EVEN THOUGH IT turned out that the delay in getting him to the hospital did not kill Jadan Myers-Pugh, the 3-year-old's death already has prompted officials to begin talks about ending what clearly seems a too-bureaucratic and potentially dangerous policy that prohibits Columbia firefighters from driving Richland County ambulances in emergencies.
We hope publicity surrounding his tragic death also can serve as a catalyst to fix a clearly bad state law.
When a reporter for The State asked to review the incident report and recordings from the EMS call, he ran head-first into an obscure five-year-old law and a two-month old attorney general's opinion that said that when it comes to emergency medical services, the public has no right to monitor how its government works.
Actually, the law is worse than that. Most secrecy laws merely allow governments to hide information from the public. This law requires it.
The law prohibits the release of the identities not only of patients but also of emergency services personnel. The attorney general's opinion says it also shields any information "that would ordinarily lead one to discover the identity of emergency medical personnel" as well as "all data, including response times, trip numbers, requests for helicopter transport by numbers and dates and other general raw data compiled from day to day operations" of emergency services agencies.
A spokesman for the attorney general's office said the opinion doesn't prohibit as much as Columbia officials claim, and we hope that's true. But the law, and the attorney general's interpretation of it, is so expansive that it's easy to see how officials could take it to cover everything surrounding an EMS call. In either event, it needs changing.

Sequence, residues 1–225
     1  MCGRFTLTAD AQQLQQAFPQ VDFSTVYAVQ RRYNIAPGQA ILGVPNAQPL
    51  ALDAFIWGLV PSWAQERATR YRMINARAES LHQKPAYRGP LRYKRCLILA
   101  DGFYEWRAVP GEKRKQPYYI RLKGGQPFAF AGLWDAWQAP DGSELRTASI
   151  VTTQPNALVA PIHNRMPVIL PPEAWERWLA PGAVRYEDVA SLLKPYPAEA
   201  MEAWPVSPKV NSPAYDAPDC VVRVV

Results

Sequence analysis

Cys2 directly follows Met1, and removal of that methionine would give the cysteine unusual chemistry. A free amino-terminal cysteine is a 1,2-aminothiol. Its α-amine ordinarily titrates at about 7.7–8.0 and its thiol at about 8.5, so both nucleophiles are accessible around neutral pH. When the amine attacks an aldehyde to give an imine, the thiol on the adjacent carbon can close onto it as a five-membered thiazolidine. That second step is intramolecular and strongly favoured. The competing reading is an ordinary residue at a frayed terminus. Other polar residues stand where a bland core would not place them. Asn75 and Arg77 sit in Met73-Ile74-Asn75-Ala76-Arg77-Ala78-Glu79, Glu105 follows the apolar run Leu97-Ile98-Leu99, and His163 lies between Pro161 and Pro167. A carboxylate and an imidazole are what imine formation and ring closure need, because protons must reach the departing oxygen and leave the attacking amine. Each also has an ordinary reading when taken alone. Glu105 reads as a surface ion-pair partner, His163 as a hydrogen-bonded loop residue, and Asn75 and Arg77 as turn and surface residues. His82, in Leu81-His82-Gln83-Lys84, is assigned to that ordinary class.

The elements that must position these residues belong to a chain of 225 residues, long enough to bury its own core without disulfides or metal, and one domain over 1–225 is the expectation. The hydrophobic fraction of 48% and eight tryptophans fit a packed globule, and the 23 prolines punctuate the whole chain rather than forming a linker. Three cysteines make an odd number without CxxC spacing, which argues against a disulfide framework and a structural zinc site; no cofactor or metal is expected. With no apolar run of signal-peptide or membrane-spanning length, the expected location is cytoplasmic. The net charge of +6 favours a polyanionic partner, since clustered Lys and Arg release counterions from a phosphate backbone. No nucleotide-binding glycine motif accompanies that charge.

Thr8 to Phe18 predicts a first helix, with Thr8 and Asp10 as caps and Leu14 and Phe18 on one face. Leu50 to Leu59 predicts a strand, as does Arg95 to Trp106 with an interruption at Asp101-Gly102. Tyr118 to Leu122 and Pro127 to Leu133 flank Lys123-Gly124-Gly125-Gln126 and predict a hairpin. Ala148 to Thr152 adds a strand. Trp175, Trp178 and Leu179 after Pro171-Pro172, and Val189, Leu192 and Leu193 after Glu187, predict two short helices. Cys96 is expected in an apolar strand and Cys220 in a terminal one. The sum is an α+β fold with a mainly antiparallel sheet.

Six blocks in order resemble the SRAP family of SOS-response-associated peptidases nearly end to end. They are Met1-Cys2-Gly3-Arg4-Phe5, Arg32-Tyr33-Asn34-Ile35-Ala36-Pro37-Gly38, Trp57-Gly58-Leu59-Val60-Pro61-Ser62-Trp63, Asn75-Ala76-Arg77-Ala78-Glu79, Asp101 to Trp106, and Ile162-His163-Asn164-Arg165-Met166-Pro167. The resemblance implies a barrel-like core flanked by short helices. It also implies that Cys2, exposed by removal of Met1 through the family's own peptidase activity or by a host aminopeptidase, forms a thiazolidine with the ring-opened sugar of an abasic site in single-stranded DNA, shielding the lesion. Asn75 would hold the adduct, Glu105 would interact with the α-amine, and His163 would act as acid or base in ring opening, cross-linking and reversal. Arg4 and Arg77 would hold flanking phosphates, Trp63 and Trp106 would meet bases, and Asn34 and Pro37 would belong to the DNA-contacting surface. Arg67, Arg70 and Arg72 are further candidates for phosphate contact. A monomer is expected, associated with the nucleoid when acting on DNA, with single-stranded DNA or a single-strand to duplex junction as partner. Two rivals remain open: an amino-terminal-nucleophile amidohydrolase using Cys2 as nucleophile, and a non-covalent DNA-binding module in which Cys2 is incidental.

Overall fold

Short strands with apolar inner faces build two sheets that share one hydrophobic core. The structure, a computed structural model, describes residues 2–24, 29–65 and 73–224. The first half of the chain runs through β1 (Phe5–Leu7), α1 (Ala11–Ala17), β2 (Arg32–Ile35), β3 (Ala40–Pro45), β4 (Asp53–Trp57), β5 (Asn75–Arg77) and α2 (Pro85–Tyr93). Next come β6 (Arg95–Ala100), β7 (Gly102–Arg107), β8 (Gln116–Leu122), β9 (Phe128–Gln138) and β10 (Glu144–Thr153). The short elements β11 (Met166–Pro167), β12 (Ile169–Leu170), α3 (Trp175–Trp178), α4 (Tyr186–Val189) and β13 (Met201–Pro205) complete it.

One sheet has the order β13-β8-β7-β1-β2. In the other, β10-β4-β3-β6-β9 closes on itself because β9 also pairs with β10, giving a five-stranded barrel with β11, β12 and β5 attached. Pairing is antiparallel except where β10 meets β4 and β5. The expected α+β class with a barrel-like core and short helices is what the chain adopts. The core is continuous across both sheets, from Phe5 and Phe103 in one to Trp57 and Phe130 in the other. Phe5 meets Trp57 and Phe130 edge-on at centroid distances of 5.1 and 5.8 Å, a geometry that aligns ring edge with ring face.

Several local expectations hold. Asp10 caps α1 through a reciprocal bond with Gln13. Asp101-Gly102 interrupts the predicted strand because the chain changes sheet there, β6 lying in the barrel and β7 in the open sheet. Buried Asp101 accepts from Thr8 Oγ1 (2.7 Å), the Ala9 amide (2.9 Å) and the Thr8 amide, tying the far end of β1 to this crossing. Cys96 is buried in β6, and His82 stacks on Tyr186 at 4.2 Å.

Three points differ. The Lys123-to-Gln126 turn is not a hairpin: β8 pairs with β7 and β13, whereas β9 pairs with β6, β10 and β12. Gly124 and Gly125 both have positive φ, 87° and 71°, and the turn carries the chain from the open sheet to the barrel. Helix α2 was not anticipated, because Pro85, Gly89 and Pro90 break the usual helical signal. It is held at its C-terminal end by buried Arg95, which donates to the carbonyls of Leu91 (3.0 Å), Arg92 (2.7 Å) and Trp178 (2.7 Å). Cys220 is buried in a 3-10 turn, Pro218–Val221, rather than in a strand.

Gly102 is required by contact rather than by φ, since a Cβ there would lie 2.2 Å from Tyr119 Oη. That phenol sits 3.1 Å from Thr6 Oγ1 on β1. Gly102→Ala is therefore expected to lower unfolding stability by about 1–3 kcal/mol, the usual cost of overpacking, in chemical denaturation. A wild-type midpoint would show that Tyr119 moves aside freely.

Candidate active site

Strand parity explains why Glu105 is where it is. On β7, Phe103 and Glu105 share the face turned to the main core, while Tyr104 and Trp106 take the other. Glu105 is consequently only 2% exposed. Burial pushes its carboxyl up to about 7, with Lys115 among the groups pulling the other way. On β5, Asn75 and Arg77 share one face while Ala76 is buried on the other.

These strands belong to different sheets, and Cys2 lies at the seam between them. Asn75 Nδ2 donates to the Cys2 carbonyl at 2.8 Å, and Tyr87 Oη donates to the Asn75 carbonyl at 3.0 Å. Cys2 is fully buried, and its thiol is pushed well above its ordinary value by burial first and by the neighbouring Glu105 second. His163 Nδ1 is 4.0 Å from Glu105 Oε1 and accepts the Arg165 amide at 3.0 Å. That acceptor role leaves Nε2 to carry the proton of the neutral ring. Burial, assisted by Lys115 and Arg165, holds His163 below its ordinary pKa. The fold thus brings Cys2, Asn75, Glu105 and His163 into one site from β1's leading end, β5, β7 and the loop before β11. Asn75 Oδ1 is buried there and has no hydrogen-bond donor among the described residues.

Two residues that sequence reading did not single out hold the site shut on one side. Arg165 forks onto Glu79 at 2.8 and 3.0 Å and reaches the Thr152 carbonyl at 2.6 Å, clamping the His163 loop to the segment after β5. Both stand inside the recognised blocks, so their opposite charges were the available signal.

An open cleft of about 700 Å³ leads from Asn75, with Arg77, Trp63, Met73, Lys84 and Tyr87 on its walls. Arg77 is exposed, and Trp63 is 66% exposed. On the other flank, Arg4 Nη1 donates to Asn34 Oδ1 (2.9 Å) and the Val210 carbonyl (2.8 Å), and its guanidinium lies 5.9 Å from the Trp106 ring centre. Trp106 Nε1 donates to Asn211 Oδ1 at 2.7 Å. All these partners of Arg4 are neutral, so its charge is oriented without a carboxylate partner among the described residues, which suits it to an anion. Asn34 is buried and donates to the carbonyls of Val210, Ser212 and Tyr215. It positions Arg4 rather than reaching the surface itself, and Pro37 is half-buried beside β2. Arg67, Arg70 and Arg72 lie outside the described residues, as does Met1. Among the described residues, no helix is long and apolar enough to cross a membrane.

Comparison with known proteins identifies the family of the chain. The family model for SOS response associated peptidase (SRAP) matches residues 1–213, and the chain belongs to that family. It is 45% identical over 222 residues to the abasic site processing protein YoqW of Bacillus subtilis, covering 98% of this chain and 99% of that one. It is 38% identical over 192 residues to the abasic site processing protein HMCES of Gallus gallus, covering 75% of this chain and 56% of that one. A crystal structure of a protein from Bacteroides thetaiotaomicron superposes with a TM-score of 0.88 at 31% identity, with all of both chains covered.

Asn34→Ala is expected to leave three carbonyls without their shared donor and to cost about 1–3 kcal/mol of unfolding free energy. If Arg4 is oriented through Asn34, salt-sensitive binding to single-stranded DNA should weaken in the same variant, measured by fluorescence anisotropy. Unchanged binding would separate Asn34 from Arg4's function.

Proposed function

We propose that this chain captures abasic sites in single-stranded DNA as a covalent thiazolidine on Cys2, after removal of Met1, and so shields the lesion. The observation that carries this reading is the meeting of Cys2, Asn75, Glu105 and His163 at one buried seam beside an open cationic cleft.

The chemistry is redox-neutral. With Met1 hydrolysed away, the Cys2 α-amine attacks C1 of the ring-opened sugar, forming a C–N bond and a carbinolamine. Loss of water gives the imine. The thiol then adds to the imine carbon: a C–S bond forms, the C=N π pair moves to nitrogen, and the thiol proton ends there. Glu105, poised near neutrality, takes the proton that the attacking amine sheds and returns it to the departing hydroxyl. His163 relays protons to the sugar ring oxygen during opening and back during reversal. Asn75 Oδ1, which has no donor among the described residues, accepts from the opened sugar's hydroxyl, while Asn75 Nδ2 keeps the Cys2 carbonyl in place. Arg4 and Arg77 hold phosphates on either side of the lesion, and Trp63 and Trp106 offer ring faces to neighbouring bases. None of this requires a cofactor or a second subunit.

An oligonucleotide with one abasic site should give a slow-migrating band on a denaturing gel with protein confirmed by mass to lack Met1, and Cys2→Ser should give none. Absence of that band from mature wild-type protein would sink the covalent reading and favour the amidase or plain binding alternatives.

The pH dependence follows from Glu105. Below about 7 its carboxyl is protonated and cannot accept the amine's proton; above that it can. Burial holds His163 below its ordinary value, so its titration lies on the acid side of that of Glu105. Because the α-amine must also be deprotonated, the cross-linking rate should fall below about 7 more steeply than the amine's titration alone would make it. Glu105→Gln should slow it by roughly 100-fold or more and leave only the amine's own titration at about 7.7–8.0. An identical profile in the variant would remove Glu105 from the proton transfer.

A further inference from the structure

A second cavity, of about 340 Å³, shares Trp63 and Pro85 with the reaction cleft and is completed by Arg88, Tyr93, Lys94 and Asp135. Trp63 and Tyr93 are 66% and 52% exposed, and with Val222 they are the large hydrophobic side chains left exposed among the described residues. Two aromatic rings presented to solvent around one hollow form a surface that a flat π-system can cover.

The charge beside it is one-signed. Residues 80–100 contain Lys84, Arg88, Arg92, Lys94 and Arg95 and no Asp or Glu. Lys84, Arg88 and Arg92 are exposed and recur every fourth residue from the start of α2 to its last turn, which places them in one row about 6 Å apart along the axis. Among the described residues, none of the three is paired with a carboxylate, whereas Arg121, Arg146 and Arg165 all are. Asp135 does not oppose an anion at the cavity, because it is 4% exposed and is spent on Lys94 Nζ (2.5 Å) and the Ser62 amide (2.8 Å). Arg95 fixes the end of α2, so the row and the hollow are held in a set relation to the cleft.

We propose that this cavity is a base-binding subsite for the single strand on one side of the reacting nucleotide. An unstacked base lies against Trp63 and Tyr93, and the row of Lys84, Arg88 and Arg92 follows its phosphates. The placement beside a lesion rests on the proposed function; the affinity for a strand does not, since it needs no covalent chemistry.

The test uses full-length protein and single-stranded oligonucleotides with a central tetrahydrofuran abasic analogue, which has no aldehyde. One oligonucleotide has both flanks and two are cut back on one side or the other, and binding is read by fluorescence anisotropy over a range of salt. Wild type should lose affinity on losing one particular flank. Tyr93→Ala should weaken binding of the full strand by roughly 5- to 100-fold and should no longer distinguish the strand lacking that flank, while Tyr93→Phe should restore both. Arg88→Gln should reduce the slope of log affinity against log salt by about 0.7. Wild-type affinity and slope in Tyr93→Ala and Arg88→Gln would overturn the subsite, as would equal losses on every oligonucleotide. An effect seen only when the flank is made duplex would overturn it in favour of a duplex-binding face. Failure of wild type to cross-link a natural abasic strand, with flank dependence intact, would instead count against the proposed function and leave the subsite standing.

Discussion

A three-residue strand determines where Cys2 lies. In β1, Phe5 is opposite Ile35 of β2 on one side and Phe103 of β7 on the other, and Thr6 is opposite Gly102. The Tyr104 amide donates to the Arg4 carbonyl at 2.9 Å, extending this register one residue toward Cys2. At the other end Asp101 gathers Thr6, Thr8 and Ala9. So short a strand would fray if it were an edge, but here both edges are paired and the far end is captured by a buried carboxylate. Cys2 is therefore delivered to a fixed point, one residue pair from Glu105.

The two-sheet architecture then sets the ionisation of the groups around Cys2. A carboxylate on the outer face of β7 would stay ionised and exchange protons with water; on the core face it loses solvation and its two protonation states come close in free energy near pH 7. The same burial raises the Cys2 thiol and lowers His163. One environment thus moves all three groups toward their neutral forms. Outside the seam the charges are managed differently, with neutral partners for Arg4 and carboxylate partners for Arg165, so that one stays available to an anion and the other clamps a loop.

The names of EMS responders shouldn't be shielded from the public any more than the names of police officers (which are public record) should be. But that's a small problem compared to the blanket shield of everything related to EMS calls. That makes it virtually impossible to judge either individual cases (Did this particular ambulance crew dither, endangering a patient's life?) or overall performance (Are city or county response times adequate? Are they adequate in upscale neighborhoods but not in areas with less political pull?).
When this question arose recently in Beaufort County, an official said the public didn't need that information, because "we have people - professionals - in positions to make sure the level of service provided is commensurate with the demands of the community." In other words, just trust the people who are making the decisions to let us know if they've made bad decisions.
That's not how government works in a free society - or at least it's not supposed to be.
Senate Medical Affairs Chairman Harvey Peeler, who says DHEC asked him to sponsor the bill to comply with federal medical privacy laws, says he had no idea how much it shut off public scrutiny. That's deeply disturbing, as is the fact that other legislators seemed to be caught unaware by its breadth as well. But at least Mr. Peeler has vowed to fix the law; that's something that shouldn't require a lot of debate.
Officials at DHEC, on the other hand, have expressed no alarm about its scope, saying only that they are reviewing the law to determine whether changes are needed. Fortunately, that's not DHEC's call. And the fact that the agency pushed for this change without making it crystal clear to lawmakers just how breathtakingly broad it was raises troubling questions about how much legislators can trust its advice.